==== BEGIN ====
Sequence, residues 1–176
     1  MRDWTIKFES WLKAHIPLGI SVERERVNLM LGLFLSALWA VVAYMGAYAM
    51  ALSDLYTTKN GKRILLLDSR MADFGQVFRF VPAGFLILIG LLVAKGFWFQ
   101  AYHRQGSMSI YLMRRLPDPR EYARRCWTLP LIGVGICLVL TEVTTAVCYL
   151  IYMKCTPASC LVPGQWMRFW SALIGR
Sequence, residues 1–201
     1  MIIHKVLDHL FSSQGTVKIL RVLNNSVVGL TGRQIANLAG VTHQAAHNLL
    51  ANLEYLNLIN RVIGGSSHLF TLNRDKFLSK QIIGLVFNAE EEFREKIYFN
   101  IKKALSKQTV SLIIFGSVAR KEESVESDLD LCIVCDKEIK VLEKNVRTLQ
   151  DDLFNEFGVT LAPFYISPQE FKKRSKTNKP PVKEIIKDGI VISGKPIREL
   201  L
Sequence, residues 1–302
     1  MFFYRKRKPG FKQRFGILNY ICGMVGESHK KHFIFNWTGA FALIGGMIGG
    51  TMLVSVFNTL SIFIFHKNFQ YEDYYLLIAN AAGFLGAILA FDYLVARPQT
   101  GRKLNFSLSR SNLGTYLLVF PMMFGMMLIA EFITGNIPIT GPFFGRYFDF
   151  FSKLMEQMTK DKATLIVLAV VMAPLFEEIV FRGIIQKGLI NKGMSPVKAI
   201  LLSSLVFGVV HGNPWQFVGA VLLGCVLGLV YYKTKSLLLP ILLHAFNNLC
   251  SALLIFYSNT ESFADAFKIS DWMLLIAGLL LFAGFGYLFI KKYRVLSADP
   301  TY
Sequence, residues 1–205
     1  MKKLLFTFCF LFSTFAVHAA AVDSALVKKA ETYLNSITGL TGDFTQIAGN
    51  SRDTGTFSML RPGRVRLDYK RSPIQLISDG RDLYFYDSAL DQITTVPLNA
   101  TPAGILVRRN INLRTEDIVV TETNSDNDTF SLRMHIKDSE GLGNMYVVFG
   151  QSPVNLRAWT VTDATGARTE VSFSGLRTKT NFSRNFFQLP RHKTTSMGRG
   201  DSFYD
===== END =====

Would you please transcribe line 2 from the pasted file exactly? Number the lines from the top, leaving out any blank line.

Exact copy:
     1  MRDWTIKFES WLKAHIPLGI SVERERVNLM LGLFLSALWA VVAYMGAYAM